Section 71: Declaration or declarator as to non-infringement
Sections (71.01 - 71.10) last updated: April 2015.
This section provides for the making of a declaration or declarator that an act does not, or a proposed act would not, constitute an infringement of a patent. Hereinafter the word ‘declaration’ will generally just be used, the word ‘declarator’ being the Scottish term. The procedure within the Office is prescribed by Part 7 of the Patents Rules 2007.
|Without prejudice to the court’s jurisdiction to make a declaration or declarator apart from this section, a declaration or declarator that an act does not, or a proposed act would not, constitute an infringement of a patent may be made by the court or the comptroller in proceedings between the person doing or proposing to do the act and the proprietor of the patent, notwithstanding that no assertion to the contrary has been made by the proprietor, if it is shown
(a) that that person has applied in writing to the proprietor for a written acknowledgment to the effect of the declaration or declarator claimed, and has furnished him with full particulars in writing of the act in question; and
(b) that the proprietor has refused or failed to give any such acknowledgment.
s. 60(5) is also relevant.
Section 71 provides for the court or the comptroller to make a declaration that an act or proposed act does not constitute an infringement of the patent. The validity of the patent may be put in issue in s.71 proceedings by virtue of s.74(1)(c), but this should be specifically pleaded in the statement (see 71.05). However, in Johnson Matthey PLC v Sumitomo Special Metals Co Ltd BL O/168/92 and O/145/94 s.71 proceedings were stayed at the applicant’s request pending the outcome of opposition proceedings under the EPC where the validity of the patent was at issue. In Glaxo Group Ltd v Genentech Inc  EWCA Civ 23,  FSR 18, the Court of Appeal set out various factors (which were updated in IPcom GmbH & Co Kg v HTC Europe Co Ltd & Ors  EWCA Civ 1496 and applied in Actavis Group PTC EHF v Pharmacia LLC  EWHC 2265 (Pat) which might be useful to consider in deciding whether to stay legal proceedings on the ground that there are parallel proceedings pending in the EPO contesting the validity of the patent. For further discussion of staying proceedings, see the Patents Hearings Manual (paragraphs 2.73-2.76). A declaration can only be granted if the act or proposed act (i) falls outside the scope of the claim, (ii) only falls within the scope of claims held to be invalid (since an invalid claim cannot be infringed), or (iii) is exempted from being an infringement under s. 60(5) see 60.23-60.28. Such a declaration is the only form of relief available under s.71; a finding of invalidity in such proceedings does not itself cause revocation (Zeigler’s Patent (BL O/64/87)).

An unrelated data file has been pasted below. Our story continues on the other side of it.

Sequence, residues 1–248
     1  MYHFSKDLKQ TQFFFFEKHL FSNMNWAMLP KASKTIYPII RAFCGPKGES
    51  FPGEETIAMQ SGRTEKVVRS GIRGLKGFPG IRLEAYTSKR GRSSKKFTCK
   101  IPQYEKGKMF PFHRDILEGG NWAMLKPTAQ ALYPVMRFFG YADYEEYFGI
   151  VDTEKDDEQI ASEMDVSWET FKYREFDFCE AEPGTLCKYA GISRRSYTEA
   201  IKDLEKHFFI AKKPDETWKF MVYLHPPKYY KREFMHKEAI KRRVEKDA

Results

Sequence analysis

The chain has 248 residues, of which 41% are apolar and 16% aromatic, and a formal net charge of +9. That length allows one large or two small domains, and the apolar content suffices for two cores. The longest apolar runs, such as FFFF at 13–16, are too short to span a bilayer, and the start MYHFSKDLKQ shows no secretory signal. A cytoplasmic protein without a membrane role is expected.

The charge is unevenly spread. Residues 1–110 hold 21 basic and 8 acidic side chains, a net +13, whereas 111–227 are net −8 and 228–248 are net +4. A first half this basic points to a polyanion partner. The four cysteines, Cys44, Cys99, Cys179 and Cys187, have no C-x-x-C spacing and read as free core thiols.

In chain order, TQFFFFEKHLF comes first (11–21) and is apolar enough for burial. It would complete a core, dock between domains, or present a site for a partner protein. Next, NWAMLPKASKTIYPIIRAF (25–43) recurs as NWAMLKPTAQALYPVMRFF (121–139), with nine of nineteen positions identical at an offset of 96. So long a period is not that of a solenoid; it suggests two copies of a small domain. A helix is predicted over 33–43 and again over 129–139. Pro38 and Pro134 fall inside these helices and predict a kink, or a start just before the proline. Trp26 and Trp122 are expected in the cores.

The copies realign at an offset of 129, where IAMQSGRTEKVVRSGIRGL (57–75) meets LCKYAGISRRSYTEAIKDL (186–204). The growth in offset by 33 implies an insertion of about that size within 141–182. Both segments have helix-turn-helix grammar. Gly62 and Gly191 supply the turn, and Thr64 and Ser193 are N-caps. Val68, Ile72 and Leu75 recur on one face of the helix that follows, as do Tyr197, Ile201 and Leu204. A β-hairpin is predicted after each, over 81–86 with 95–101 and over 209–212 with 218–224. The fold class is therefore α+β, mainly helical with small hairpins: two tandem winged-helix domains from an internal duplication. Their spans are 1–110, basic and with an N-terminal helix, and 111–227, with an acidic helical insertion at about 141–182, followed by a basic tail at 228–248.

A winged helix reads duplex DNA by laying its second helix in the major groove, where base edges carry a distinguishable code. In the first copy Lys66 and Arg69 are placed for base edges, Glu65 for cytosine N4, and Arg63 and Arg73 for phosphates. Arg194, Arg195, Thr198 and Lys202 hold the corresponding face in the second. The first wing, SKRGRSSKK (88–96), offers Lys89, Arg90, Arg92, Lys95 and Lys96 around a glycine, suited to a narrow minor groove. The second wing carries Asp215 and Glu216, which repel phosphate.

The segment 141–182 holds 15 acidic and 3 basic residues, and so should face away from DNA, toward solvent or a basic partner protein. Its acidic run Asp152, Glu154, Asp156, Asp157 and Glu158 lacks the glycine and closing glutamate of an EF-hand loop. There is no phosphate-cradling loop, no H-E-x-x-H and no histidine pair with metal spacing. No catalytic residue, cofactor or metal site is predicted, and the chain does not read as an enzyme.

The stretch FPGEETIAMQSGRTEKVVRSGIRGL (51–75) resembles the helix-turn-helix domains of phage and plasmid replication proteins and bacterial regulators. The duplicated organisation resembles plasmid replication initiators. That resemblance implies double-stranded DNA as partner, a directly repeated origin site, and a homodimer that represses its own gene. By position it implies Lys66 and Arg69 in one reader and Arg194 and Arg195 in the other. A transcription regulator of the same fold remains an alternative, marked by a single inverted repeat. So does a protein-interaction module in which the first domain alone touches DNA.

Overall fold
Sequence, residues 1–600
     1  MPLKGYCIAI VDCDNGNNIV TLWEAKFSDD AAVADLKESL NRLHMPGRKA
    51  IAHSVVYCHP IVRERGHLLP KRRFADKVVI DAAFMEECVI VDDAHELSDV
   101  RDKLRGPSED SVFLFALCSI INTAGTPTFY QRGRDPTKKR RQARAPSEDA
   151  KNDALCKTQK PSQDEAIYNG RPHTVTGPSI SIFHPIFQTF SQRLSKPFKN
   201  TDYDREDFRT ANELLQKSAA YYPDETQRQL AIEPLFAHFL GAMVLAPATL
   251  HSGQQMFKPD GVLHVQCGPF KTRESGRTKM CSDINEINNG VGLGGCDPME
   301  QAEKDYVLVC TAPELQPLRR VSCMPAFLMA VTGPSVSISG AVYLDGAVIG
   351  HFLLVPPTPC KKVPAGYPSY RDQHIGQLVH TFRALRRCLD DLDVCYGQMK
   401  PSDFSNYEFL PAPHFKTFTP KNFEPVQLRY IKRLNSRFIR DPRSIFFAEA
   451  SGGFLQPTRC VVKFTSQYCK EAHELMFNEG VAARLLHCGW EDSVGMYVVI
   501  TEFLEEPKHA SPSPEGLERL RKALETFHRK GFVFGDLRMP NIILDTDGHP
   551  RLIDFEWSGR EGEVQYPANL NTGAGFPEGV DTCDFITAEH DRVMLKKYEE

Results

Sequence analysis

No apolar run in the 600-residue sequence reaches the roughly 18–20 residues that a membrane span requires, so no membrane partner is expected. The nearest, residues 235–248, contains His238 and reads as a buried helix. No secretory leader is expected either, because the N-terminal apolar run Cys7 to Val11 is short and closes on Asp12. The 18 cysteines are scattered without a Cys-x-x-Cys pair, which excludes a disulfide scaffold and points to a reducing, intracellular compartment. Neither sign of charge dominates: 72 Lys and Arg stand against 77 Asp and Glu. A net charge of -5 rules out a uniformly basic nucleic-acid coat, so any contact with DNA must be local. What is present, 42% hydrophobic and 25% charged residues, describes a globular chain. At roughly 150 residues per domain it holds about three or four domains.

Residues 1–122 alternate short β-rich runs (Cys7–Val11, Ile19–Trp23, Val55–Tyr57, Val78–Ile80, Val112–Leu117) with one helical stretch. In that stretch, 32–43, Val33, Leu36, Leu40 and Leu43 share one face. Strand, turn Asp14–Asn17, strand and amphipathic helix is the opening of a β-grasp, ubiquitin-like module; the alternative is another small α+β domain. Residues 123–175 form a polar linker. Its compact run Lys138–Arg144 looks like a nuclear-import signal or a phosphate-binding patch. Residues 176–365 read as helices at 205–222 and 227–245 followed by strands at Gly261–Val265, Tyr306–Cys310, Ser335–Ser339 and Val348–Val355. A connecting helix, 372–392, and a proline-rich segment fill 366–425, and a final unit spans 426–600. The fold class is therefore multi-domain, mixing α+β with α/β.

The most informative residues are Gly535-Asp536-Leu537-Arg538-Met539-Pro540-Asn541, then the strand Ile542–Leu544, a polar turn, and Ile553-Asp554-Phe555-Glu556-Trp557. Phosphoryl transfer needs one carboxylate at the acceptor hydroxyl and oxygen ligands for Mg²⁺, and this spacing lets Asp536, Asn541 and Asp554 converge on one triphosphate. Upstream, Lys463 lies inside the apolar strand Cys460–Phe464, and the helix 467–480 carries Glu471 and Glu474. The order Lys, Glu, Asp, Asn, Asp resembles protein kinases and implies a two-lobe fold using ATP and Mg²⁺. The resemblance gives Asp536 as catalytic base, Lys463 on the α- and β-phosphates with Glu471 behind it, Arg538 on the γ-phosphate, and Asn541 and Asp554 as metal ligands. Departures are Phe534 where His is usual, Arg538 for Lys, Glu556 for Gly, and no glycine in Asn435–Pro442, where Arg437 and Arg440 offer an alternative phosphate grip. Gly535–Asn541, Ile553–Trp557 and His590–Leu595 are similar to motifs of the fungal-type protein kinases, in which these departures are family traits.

s.74(7) is also relevant.
Where proceedings are pending in the court under any of sections 58, 61, 69, 70-70F, 71 and 72, no proceedings may be instituted before the comptroller under s.71 without the leave of the court (see also 71.10 and 74.07).
Before an application can be properly launched under s.71, the person seeking the declaration must apply in writing to the proprietor for a written acknowledgement to the effect of the declaration claimed and must furnish him with full particulars in writing of the act in question. Scarman L J, when considering the need for full particulars in Mallory Metallurgical Products Limited v Black Sivalls and Bryson incorporated  RPC 321, stated at page 345 that, “…. the description must be sufficiently clear and precise to enable the court to declare that an article corresponding with the description would not constitute an infringement. The burden of proving the absence of infringement rests, in my judgment, upon the plaintiff. If there be lack of clarity or precision, the court is not in a position to grant the declaration sought”. As pointed out in British Railways Board’s Patent (BL O/41/85), it is also essential for any difference between the act and the invention claimed in the patent to be brought out whether the difference relates to the absence, or to the replacement, of a feature claimed. In Minnesota Mining and Manufacturing Co’s (Suspension Aerosol Formulation) Patent  RPC 135, Pumfrey J suggested that it would always be desirable to provide the patentee with a sample or drawings to aid the description.